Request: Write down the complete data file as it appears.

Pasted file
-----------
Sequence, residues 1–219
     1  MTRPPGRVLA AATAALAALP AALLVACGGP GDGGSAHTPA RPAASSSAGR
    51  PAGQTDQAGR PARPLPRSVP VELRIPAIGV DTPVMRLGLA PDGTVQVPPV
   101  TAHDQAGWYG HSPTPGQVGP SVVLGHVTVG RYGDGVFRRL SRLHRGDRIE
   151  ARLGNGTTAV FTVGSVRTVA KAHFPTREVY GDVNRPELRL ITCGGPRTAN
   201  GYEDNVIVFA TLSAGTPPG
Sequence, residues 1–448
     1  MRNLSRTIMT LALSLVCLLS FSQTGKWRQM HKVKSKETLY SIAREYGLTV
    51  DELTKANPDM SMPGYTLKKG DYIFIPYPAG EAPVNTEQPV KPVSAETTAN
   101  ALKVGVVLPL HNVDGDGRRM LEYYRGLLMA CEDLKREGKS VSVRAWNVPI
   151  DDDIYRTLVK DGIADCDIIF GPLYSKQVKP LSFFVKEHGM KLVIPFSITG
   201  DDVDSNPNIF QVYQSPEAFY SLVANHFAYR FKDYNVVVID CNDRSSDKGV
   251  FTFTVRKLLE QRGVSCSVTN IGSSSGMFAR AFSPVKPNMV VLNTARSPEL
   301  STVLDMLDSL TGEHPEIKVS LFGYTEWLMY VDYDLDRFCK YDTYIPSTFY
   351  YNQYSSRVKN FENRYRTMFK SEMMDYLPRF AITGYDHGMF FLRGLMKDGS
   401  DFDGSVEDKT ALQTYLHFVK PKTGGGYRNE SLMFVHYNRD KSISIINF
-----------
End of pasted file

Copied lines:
Sequence, residues 1–219
     1  MTRPPGRVLA AATAALAALP AALLVACGGP GDGGSAHTPA RPAASSSAGR
    51  PAGQTDQAGR PARPLPRSVP VELRIPAIGV DTPVMRLGLA PDGTVQVPPV
   101  TAHDQAGWYG HSPTPGQVGP SVVLGHVTVG RYGDGVFRRL SRLHRGDRIE
   151  ARLGNGTTAV FTVGSVRTVA KAHFPTREVY GDVNRPELRL ITCGGPRTAN
   201  GYEDNVIVFA TLSAGTPPG
Sequence, residues 1–448
     1  MRNLSRTIMT LALSLVCLLS FSQTGKWRQM HKVKSKETLY SIAREYGLTV
    51  DELTKANPDM SMPGYTLKKG DYIFIPYPAG EAPVNTEQPV KPVSAETTAN
   101  ALKVGVVLPL HNVDGDGRRM LEYYRGLLMA CEDLKREGKS VSVRAWNVPI
   151  DDDIYRTLVK DGIADCDIIF GPLYSKQVKP LSFFVKEHGM KLVIPFSITG
   201  DDVDSNPNIF QVYQSPEAFY SLVANHFAYR FKDYNVVVID CNDRSSDKGV
   251  FTFTVRKLLE QRGVSCSVTN IGSSSGMFAR AFSPVKPNMV VLNTARSPEL
   301  STVLDMLDSL TGEHPEIKVS LFGYTEWLMY VDYDLDRFCK YDTYIPSTFY
   351  YNQYSSRVKN FENRYRTMFK SEMMDYLPRF AITGYDHGMF FLRGLMKDGS
   401  DFDGSVEDKT ALQTYLHFVK PKTGGGYRNE SLMFVHYNRD KSISIINF